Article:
In the bad old days, fear of autumnal rains swelling and diluting the juice and causing rot wasn't the only reason for picking early. Before temperature control was introduced during the 1960s and 1970s, no one knew how to handle the fermentation process for musts with a high potential alcohol. One obvious danger when the temperature rose too much was a stuck fermentation, because the yeasts couldn't function. The solution was simple – pick early at a lower potential alcohol. 'In those days, every cellarmaster knew that 11% potential alcohol would present no problem, so that was what determined the picking date,' says Delmas. 'Inevitably, the wines were more acid and the tannins were not as completely ripe as they are today. They were also rough and coarse when young, so you had to keep the wine in cask and bottle a long time before you had something drinkable. Now, because we can control the fermentation temperature, we can pick later and riper so that the tannins are softer and smoother and the wine is less acid. What this means for the consumer is that a great wine like Haut-Brion is much more pleasant to drink when young. We have opened the drinking window earlier, while keeping it open for just as long as before.' Another factor has been much more rigorous selection for the grand vin. These days, most châteaux can afford this expensive but necessary quality-control measure and there's no doubt that the introduction of second labels has dramatically improved first wines. Of course, temperature control hasn't been the only technological advance in the chai to enable better wine in less good vintages. Over the last 40 years, since Professor Peynaud's ground-breaking work, there have been numerous advances in research, knowledge and practice. Consequently, better hygiene, improved phenolic extraction and better use of new wood are all established. (So, too, is the practice of must concentration, although this will have no effect on the ageing potential of a wine.)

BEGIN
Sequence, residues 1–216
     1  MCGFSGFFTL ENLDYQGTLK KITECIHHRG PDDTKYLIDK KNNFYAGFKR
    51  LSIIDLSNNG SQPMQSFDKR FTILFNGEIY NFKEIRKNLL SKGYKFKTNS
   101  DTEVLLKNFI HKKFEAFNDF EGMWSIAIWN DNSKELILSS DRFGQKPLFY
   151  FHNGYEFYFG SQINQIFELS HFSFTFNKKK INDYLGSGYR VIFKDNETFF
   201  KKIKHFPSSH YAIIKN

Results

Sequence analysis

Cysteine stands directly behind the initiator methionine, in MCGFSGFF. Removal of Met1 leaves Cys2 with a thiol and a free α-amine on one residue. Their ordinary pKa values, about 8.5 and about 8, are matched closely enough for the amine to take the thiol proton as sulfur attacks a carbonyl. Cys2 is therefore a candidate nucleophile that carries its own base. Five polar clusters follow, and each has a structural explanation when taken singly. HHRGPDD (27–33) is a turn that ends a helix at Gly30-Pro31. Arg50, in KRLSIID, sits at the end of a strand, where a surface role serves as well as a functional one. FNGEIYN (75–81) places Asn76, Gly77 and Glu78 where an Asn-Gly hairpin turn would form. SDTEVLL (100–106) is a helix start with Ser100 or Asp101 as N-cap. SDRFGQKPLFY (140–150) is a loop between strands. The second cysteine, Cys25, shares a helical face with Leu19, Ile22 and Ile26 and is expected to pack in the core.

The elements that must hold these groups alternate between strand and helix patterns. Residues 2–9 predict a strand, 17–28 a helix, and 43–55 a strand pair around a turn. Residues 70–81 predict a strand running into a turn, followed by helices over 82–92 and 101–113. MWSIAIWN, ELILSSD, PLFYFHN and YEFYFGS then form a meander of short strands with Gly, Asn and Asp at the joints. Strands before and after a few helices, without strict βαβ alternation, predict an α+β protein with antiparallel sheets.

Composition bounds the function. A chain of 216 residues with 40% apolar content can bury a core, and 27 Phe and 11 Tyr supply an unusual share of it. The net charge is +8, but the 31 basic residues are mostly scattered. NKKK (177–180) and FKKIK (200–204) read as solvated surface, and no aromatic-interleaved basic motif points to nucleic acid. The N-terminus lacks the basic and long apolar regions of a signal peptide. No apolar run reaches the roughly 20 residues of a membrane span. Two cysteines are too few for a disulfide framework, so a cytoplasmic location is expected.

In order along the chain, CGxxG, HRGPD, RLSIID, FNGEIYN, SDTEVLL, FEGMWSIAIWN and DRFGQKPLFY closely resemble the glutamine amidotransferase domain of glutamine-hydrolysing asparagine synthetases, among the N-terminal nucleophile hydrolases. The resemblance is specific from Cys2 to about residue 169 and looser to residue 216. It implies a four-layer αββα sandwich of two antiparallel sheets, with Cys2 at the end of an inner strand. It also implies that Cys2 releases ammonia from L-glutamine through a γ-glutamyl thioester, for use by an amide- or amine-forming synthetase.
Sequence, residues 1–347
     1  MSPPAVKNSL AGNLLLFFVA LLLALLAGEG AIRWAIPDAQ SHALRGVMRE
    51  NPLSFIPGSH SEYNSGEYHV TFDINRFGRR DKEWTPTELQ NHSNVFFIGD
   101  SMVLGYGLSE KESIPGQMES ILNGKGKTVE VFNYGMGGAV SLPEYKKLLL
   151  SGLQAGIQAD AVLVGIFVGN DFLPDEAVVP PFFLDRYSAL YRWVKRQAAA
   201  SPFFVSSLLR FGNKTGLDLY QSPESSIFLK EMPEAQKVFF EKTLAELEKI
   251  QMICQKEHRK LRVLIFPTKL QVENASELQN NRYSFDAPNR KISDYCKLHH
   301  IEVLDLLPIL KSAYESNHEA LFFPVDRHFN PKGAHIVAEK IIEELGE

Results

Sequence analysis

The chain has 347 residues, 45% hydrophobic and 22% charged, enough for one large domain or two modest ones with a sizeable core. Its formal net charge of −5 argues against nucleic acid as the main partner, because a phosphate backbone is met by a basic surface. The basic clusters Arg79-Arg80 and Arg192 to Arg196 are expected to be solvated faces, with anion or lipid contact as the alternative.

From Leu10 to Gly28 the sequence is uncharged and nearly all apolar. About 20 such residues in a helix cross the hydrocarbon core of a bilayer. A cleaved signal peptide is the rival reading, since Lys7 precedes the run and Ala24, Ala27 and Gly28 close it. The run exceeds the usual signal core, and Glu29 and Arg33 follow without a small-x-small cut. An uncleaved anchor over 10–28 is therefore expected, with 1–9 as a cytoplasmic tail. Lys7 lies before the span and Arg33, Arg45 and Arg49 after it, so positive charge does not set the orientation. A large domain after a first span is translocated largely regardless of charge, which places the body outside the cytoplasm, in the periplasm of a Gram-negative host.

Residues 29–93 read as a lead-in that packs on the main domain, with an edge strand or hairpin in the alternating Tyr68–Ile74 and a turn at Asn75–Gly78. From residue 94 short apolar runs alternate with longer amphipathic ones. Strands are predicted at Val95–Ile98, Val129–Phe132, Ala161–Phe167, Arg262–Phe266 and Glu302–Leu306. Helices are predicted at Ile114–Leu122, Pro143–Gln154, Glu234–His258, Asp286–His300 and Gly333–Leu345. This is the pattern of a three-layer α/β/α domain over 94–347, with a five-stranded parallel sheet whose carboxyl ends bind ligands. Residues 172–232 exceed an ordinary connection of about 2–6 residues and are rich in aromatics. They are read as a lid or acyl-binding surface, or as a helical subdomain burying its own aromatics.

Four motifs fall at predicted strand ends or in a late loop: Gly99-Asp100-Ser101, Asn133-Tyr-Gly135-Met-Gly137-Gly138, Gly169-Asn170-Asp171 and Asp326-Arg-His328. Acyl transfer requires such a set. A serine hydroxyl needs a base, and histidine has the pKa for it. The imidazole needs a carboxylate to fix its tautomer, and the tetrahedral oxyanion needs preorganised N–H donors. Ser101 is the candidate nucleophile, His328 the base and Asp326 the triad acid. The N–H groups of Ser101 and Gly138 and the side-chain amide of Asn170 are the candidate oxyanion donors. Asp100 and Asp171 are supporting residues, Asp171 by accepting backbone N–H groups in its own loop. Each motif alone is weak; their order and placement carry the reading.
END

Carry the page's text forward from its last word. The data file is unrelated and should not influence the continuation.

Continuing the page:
In addition, there have also been more avant-garde developments by the likes of Right Bank garagistes and well-known micro-cru estates, some of which remain extremely controversial, while others are merely marginal. These include techniques such as malolactic en barrique, cold pre-fermentation soaks and micro-oxygenation, which gently bubbles tiny amounts of oxygen into a cask. Supporters such as Dr Alain Raynaud, who has château interests on both banks, claim that such methods as micro-oxygenation are more gentle than racking the wine, and also softens the tannins and fixes colour. However, opponents such as John Kolasa at Château Canon aren't so sure of the long-term benefits, believing that if you use too much oxygen, the wine will age too quickly. Then there's the whole debate over whether some in Bordeaux are picking overripe grapes and making over-extracted wines. Delmas, for one, is against it. 'It's a question of degree. If you have too much tannin and low acidity, you may not notice the “aggressivity” at first. However, as it ages, the wine slowly dries out.' As ever, time will tell.
Yet in spite of these ongoing arguments, over the last 40 years Bordeaux has qualitatively and stylistically changed for the better, largely thanks to an array of technological and viticultural improvements. The net result of all this is that more châteaux are capable of making great wines than ever before, while fewer are making bad wines, even in poor vintages. Ironically, though, the biggest change has not been in the fabulous vintages, which will continue to show beautifully from cradle to grave. Instead, the real revolution has meant that the dilute, green, unripe or over-tannic vintages of the 1950s, 1960s and 1970s have been banished forever – and that is an achievement worth drinking to.
John Stimpfig is a contributing editor to Decanter.